December 07, 2006
Perry: We don't need no stinking fence

Now that he has safely been re-elected, Governor Perry can finally say what anybody with two brain cells to rub together already knows, which is that building a fence along the US-Mexico border is "preposterous".

Gov. Rick Perry, who built his re-election campaign on border security, told a gathering of border mayors today that building a wall along the border with Mexico is a "preposterous" idea.

"Now, strategic fencing in certain urban areas to direct the flow of traffic does make sense, but building a wall on the entire border is a preposterous idea," Perry said.

"The only thing a wall would possibly accomplish is to help the ladder business."

While Perry always opposed fencing the border, his re-election campaign de-emphasized that position.

Perry ran millions of dollars of television advertising portraying the border as an open zone of human and drug smuggling and as a potential pathway for terrorists. He launched a program to put live Internet cameras along the border and said he would ask the Legislature for $100 million for border security.

The campaign was widely seen as an effort to appeal to a Republican voting base angry at the federal government for failing to act to halt illegal immigration from Mexico and Central America.

Perry told the Texas Border Coalition that the national anti-immigrant rhetoric of the political campaigns was not constructive.

"We just concluded an election year that was very heavy on immigration rhetoric, and, I might add, very light on comprehensive solutions," Perry said.

Made for some pretty effective campaign strategy, though. Gotta give credit where it's due. Perry knew who his voters are, and he knew how to talk to them.

Speaking of campaign talk, by the way, Houtopia recalls Chris Bell using a similar line about fences and ladders. Just thought I'd mention it.

The governor also said he believes legislation that has been filed in the Texas House to do away with "birthright citizenship" is divisive.

State Rep. Leo Berman, R-Tyler, has a bill that would challenge a U.S. constitutional interpretation that gives automatic citizenship to everyone born in the United States. Berman's bill would deny such citizenship to anyone born to parents who are in the country illegally.

That's very encouraging, Governor. Does that mean you'll veto Rep. Berman's bill if it or something like it manages to pass the Lege? That's the key question.

Oh, and since we brought up the border webcams, they're on hiatus, at least for now.

The Texas border-watch test site closed Nov. 30.

The 27-day test cost twice as much as officials had anticipated. But because of the nearly 28 million hits to the Web site, Gov. Rick Perry's spokesman declared the initial launch of the virtual neighborhood watch program a success. A permanent program is expected to be in operation sometime next year.

"This is one tool of many the state is using to combat illegal activity along the border," [Perry spokesman Robert] Black said.

From Nov. 3 through Nov. 30, Black said, more than 221,000 viewers registered on, generating nearly 15,000 report e-mails.

Black said no data were available yet on the number of apprehensions resulting from reports made through the Web site.

That's a rather important data point, isn't it? It's nice that people tuned in and all, but if we just spent $200K for 12 cameras (and Perry has promised to spend up to $5 million for 200 cameras), shouldn't we know if they, like, actually help? And though I realize this was just a pilot, was there some kind of benchmark for these things, as in "we think they'll lead to X apprehensions, of which Y will involve drugs"? Doesn't have to be anything other than somebody's wild guess. Just some number we can then compare to later. Was there ever such a number, or were we basically just doing this for grins? That's the point of pilot programs, after all - to see if what you're test driving is worth the cost and effort. All I want to know is if we have some means to try and answer that now that the pilot is over.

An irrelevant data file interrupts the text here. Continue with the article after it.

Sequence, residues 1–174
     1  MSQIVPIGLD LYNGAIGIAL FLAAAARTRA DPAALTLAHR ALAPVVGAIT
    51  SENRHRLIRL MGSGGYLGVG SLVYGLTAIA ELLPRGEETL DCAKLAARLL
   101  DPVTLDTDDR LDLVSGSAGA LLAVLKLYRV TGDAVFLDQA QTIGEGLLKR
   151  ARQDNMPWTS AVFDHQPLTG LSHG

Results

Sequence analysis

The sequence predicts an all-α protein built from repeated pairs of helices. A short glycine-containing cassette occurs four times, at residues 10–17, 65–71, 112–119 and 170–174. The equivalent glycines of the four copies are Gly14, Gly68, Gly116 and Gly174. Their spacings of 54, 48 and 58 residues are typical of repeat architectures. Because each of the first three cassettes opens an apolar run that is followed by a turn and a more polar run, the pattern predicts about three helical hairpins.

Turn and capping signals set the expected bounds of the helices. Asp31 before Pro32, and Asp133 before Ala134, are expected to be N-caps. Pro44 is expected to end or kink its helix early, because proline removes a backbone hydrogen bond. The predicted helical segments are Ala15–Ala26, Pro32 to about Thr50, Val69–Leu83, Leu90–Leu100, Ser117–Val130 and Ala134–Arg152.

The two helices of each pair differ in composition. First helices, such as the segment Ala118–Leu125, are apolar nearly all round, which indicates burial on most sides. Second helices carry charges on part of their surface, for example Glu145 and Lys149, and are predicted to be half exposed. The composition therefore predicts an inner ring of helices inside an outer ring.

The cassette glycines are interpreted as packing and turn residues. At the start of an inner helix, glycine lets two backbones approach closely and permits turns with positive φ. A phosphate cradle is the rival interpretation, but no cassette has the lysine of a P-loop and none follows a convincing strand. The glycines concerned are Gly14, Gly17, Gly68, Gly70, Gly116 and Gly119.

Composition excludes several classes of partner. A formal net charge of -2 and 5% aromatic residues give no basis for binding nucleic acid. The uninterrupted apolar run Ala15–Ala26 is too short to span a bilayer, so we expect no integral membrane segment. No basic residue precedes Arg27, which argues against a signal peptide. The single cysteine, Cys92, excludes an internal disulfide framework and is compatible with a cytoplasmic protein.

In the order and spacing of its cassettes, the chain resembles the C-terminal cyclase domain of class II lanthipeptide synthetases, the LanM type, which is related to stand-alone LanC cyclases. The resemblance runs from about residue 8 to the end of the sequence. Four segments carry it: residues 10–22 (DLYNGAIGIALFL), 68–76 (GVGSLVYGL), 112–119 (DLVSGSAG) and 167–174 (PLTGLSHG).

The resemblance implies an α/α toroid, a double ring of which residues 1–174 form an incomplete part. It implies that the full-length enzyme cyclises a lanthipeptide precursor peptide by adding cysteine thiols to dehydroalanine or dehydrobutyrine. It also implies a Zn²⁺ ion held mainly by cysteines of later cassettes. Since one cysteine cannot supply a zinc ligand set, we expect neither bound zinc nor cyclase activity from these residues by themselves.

On the plus side, at least we'd be spending a lot less than eight billion dollars to see if this technology is effective. So there's that to be grateful for.

El Paso Times link via Pink Dome. And click the More link for a statement by People for the American Way in response to Perry's remarks.

Statement from People for the American Way:

"We welcome Gov. Perry's new, more constructive tone on immigration issues. He understood one of the central messages of the recent elections - that immigrant bashing is not only mean spirited and counter productive, it is also politically unpopular, especially in Texas.

"We're particularly glad he spoke out against the short sighted and imprudent bills filed by Representatives Leo Berman, Burt Solomons and others that would cut off immigrants' rights and access to education. Gov. Perry realizes what these legislators apparently do not - that the economic and social future of Texas depends on a healthy, well-educated workforce that, like it or not, will continue to be increasingly Hispanic. Let's hope the governor's new tone translates into an equally constructive legislative agenda

"We are working with the business community, church leaders and other civic and community organizations to promote real, substantive immigration reform at the national level and to oppose proposals that appeal to fear, division and racism. We look forward to working with the Governor on these and other issues"

Posted by Charles Kuffner on December 07, 2006 to National news | TrackBack

Ask me Saturday about PSDS2, and I'll give you the technical side of it. Bottom line, we've got a system in production and the $8B won't be for software/hardware but for operating costs...

Posted by: Michael on December 7, 2006 9:05 AM